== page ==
Cable knitting

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I’ve wanted to learn to cable to for a very long time, but have been concentrating on crochet so obsessively for the last 18 months (had you noticed?) that I put it off. I’ve also always felt that my yarn holding technique was inferior because I hold my right needle from above and take my hand off the needle to wrap the yarn. Do you know what I mean? Lately I’ve seen You Tube knitters, John Lewis demonstrators, a Mollie Makes ‘How to knit’ demonstrator on video and a knitting teacher do the same!

I learnt to knit when I was a child and found it the easiest method despite Mum telling me it was wrong (she still says I should learn to hold the right needle underneath and wrap the yarn ‘properly’.) Admittedly I do think that my Mum and Gran’s method of holding the needle underneath, sliding the hand along to wrap the yarn in a fluid movement is faster and more efficient but it seems nearly impossible to change an ingrained habit. However the knitting teacher said my method is fine, very common and is called ‘throwing’!

My tension looks fine to me, would you know which method was used?

(Upside down pic!)

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Last week I bought the latest Let’s Get Knitting and Crochet mag, which I haven’t bought for a while because I’m subscribed to Mollie Makes and Simply Crochet, but there is a really sweet cabled bag in issue 48. The problem is that you only get very sketchy instructions with LGK&C so I just couldn’t work it out.

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Last night I learnt to cable with a little help from the book that I heard thud onto the door mat as I typed yesterday: Knitty Gritty. This is my first attempt and you can see I didn’t have an issue with the technique. I’m so surprised! I always thought that cables would be very hard and beyond my skill level.

Next I want to master intarsia. Watch this space.

What new skill are you determined to master?

22 thoughts on “Cable knitting

  1. Hi Rachell
    I also knit like you do! Also have hundreds of people telling me and showing me faster methods! But like you I still wrap around, thats how we roll (knit) heehee!
    Love your cable! Well done!
    Love
    NikkiM

  2. Hi Rachel, quite a few ladies in my knitting and crochet classes throw the yarn too, either round the needle or round the hook. It’s not wrong, just a different method. Your tension looks perfect to me. LGC Knit and Crochet patterns are heavily edited sometimes, so it’s not necessarily th designer who has written it that way, sometimes the detail gets lost in the editing (which can be quite annoying for the designer!!!). I want to work more on intarsia too xx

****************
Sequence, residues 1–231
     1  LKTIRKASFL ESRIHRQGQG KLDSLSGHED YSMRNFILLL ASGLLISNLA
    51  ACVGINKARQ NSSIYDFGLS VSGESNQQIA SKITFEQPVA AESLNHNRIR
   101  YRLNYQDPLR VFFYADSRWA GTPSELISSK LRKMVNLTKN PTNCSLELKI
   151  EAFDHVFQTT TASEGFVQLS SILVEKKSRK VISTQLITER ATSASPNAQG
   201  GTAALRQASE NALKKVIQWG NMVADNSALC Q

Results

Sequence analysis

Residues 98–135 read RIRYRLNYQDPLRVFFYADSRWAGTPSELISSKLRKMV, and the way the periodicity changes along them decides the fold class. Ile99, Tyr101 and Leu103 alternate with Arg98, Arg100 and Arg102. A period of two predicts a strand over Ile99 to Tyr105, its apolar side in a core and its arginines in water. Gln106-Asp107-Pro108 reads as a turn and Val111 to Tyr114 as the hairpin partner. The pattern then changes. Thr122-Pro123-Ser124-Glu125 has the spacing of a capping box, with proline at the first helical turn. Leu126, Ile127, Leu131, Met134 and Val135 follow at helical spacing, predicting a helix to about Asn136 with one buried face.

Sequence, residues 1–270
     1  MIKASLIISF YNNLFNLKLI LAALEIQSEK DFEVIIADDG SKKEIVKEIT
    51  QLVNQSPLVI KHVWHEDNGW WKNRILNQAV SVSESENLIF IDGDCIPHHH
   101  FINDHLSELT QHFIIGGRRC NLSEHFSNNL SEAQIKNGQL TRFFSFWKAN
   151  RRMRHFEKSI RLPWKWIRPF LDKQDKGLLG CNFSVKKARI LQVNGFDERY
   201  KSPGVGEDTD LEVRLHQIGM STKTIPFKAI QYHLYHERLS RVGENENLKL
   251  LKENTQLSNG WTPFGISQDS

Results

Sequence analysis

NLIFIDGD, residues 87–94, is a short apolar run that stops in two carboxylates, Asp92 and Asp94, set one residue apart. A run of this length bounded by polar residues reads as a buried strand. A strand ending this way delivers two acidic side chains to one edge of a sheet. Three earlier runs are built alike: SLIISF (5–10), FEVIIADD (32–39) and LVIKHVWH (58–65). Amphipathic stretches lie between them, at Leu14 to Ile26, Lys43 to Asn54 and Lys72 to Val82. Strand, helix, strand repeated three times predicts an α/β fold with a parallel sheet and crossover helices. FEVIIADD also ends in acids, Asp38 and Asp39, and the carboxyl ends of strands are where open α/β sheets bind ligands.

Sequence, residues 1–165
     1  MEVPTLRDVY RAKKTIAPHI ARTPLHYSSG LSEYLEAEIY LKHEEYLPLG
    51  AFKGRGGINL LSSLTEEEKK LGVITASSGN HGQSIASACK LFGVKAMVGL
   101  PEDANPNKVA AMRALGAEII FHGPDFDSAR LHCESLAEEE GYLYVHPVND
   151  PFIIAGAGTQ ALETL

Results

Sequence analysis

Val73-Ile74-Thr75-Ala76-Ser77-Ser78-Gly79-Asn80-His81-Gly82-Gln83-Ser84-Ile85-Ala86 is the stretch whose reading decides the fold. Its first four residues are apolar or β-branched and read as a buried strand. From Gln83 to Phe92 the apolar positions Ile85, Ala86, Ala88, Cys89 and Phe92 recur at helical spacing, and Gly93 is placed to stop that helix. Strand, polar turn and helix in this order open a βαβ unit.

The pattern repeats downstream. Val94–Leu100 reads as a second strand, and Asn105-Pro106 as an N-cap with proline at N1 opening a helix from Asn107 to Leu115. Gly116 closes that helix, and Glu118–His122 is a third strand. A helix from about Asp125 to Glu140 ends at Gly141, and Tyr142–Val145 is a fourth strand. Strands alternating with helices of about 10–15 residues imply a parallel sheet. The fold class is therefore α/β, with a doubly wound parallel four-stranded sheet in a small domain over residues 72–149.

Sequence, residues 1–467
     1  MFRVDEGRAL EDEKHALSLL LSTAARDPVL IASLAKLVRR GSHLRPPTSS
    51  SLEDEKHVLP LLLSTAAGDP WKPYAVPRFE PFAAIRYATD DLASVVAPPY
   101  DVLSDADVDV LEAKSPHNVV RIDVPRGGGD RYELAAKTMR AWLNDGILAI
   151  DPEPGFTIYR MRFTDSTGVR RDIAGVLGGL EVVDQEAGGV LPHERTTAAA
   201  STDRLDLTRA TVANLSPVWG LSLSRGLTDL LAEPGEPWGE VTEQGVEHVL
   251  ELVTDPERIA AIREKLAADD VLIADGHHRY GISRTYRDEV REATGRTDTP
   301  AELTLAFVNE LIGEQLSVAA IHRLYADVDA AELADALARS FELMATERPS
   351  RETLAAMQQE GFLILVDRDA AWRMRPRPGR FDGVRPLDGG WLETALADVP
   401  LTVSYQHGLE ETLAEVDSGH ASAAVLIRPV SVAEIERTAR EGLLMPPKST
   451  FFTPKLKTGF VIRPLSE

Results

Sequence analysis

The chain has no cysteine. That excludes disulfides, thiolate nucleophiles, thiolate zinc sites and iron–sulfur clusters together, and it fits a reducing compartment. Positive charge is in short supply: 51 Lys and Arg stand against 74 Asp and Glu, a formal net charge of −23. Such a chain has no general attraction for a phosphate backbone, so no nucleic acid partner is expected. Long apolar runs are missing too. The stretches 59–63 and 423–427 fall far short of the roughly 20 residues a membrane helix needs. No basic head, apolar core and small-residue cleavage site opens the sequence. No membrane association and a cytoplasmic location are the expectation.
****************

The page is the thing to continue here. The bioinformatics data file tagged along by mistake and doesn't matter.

• Thanks for the compliment! Always nice to hear from you.

      I bet it can be very frustrating for the designers sometimes. I realise that the publishers need to get a balance between pages of instructions and a variety of patterns, but it can be frustrating when you can’t work out how to do something. There’s an owl cushion I’d love to make but I tried and just can’t get to grips with the twisting and colour changes of intarsia it requires (also in issue 48.) I need to find a good intermediate book for techniques beyond ribs, moss st etc. If you have any suggestions please?

  3. Very neat, I’m impressed. Do you think the practice we get at reading crochet patterns with the CAL has helped your knitting pattern reading too?? Have no idea how I knit as it is sooooo long since I did, but to use my Dads terminology…. It’s probably cack handed!

  4. I let go of the needle when I wrap the yarn, too. You’re right — it’s hard to change after learning that way! Your cables look like you’ve been doing them for ages, and I have a feeling intarsia will be as easy once you get going.

  5. I throw my yarn exactly the same way you do and also thought my way was inferior. So much so, that stopped me from participating in Knit In Public events and pretty much anything that would have me knit outside my house. :D I got over that recently and guess what, cables are next up and intarsia’s my technique to learn in March! Glad to know that I’m in good company.

    Beautiful looking cables! Well done! :D

  6. Hi Rachel,
    I used to throw the yarn, just like you! A friend showed me the ‘under the needle’ method and after a lot of practice I mastered it and I do it automatically now. However, does it matter, even if it is quicker? The only reason I rush to finish a piece is to start on a delicious new lot of yarn! I REALLY want to learn to crochet but it is just beyond me. I have tried to do squares so many times and been shown so often but its all double dutch to me.

    • I think speed and efficiency probably do matter, at least to me, as why waste time and energy when you can be more effective in method? But I’m pretty fast throwing the yarn I guess.
      Partly it’s perfectionism, wanting to use the best method for the task and feeling a bit inept. Good or bad this is it.

      Please please buy the crochet book listed at the side here called Crochet Unravelled. I guarantee you’ll get to grips with it. It’s about £6.50 and FAB. I couldn’t have learnt without it and I tried lots. GS are not the things to start with either, don’t run before you can walk.
      Let me know how you go… :-)

  7. That’s lovely work, and for a first attempt its super-lovely. I just cannot get the tension right with cables, mine always look gappy on one side and pinched on the other.

    I’m a ‘thrower’ too. I find the Continental method a bit loose.

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